In the comments on last week’s interview, MichaelTK asked:
@Herb: You mentioned two things I don’t fully understand in your talk.
1) Why would C++ be a better choice for very large scale applications than NET/Java? I mean the zero abstraction penalty (which is more a JIT compiler issue and not intrinsically hardwired into C#) , okay, but besides that?
2) C++ really only has a few language features which actually let you write faster code in theory. In practice, JIT compilers are just not good enough, yet, to fully optimize on C++ pace and that’s one of the main reasons why C++ excels at efficiency.
No, the reasons go deeper than that. I’m actually giving a talk at Lang.NEXT on Wednesday which focuses exactly on the managed/native divide. I’ll post a link next week.
In the meantime, short answer: C++ and managed languages make different fundamental tradeoffs that opt for either performance or productivity when they are in tension.
Why does Microsoft not put effort into a static C++ like compiler for C#/NET, say in manner of NGen, so that C# actually has even the slightest chance of being competitive with C++?
Actually, Microsoft has been actively investing in that for over a decade. So have Java vendors. I expect those efforts to continue.
Otherwise, saying C++ is more efficient than C# is not a theoretical issue, but caused by bad JIT compilers.
This is a 199x/200x meme that’s hard to kill – “just wait for the next generation of (JIT or static) compilers and then managed languages will be as efficient.” Yes, I fully expect C# and Java compilers to keep improving – both JIT and NGEN-like static compilers. But no, they won’t erase the efficiency difference with native code, for two reasons.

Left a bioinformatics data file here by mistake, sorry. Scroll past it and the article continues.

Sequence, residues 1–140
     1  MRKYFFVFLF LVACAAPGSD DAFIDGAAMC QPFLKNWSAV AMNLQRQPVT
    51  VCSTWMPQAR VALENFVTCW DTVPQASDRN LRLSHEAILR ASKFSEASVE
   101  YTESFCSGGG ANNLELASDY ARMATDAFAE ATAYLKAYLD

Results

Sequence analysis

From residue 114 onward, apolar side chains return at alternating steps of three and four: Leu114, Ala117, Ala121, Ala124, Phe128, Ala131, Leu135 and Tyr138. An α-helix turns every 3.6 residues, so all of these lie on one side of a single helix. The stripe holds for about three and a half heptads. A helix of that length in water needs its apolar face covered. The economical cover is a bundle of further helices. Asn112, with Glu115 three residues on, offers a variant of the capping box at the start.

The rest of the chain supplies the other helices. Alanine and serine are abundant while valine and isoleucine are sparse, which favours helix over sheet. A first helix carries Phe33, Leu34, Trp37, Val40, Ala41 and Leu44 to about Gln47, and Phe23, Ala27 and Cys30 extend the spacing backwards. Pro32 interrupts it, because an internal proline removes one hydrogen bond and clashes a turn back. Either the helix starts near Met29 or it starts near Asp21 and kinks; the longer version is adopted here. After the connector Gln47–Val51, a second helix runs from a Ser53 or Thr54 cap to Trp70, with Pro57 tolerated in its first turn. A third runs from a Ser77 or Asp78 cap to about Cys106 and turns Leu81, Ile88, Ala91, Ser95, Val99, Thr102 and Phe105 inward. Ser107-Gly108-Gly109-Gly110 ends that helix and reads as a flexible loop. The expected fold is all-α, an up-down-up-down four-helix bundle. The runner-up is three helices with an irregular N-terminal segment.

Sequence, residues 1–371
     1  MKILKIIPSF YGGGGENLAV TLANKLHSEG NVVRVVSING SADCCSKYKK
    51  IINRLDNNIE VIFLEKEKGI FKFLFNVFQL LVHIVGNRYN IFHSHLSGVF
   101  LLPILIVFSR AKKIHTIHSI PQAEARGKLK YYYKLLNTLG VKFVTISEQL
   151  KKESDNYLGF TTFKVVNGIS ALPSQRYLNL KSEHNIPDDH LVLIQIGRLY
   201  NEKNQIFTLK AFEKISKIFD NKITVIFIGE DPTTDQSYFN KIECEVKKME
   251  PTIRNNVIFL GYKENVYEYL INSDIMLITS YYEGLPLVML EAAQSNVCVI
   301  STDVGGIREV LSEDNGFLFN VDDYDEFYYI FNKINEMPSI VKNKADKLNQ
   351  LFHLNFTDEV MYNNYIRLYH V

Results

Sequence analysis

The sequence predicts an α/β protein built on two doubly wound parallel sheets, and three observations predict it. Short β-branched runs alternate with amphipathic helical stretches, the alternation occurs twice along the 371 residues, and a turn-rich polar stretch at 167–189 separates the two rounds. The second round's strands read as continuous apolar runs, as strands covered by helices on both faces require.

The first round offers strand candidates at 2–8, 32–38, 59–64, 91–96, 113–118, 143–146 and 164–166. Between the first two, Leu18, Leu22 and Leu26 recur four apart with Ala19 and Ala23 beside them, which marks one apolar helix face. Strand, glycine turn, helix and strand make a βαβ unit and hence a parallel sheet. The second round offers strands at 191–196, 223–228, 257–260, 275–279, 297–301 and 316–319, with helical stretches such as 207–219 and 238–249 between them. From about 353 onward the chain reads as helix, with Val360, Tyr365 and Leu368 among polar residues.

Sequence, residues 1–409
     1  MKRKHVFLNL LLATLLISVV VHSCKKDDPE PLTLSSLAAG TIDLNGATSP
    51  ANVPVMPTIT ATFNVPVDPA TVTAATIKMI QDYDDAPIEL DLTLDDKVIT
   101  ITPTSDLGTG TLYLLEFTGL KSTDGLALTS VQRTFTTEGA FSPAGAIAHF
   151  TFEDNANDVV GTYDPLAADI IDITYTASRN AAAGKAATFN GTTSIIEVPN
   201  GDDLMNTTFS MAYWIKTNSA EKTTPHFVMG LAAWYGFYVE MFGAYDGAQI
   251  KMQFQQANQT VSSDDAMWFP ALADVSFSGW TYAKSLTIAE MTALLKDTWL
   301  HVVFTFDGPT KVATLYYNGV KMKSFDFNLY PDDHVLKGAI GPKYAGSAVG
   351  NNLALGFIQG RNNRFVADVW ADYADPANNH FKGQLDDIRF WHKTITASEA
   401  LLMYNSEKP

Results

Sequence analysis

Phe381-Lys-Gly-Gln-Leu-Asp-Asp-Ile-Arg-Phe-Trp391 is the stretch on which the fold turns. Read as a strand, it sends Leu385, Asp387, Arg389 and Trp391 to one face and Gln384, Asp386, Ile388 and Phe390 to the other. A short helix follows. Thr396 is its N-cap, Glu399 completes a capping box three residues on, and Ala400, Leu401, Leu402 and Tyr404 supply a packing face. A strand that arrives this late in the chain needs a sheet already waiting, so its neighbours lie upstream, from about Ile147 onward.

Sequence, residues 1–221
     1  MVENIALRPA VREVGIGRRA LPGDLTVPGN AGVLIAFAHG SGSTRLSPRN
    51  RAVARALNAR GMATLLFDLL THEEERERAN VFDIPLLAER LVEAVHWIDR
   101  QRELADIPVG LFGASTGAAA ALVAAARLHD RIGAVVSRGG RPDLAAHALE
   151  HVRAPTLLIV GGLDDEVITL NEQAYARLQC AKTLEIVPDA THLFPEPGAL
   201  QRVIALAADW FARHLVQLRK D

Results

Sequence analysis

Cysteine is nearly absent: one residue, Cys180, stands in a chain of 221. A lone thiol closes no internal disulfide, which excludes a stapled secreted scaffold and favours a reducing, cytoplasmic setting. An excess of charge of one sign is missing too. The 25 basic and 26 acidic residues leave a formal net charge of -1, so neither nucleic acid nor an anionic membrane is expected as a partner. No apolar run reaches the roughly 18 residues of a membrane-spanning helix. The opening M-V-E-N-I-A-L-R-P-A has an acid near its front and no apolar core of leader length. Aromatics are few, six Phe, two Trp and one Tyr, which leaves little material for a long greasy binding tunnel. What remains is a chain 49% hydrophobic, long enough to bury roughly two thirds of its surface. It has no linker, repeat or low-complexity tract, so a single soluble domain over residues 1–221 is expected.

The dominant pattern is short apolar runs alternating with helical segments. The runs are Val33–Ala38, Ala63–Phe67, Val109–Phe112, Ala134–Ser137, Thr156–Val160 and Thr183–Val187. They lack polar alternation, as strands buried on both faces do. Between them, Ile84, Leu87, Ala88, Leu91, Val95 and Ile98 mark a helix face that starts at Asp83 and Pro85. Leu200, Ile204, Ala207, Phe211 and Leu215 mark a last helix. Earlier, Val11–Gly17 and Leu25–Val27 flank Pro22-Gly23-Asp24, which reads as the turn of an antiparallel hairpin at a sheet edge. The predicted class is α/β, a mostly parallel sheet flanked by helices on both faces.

First, JIT compilation isn’t the main issue. The root cause is much more fundamental: Managed languages made deliberate design tradeoffs to optimize for programmer productivity even when that was fundamentally in tension with, and at the expense of, performance efficiency. (This is the opposite of C++, which has added a lot of productivity-oriented features like auto and lambdas in the latest standard, but never at the expense of performance efficiency.) In particular, managed languages chose to incur costs even for programs that don’t need or use a given feature; the major examples are assumption/reliance on always-on or default-on garbage collection, a virtual machine runtime, and metadata. But there are other examples; for instance, managed apps are built around virtual functions as the default, whereas C++ apps are built around inlined functions as the default, and an ounce of inlining prevention is worth a pound of devirtualization optimization cure.
Second, even if JIT were the only big issue, a JIT can never be as good as a regular optimizing compiler because a JIT compiler is in the business of being fast, not in the business of generating optimal code. Yes, JITters can target the user’s actual hardware and theoretically take advantage of a specific instruction set and such, but at best that’s a theoretical advantage of NGEN approaches (specifically, installation-time compilation), not JIT, because a JIT has no time to take much advantage of that knowledge, or do much of anything besides translation and code gen.
More in the talk on Wednesday (for those who are at the conference) which will go live online next week… I’ll blog about it when it’s up.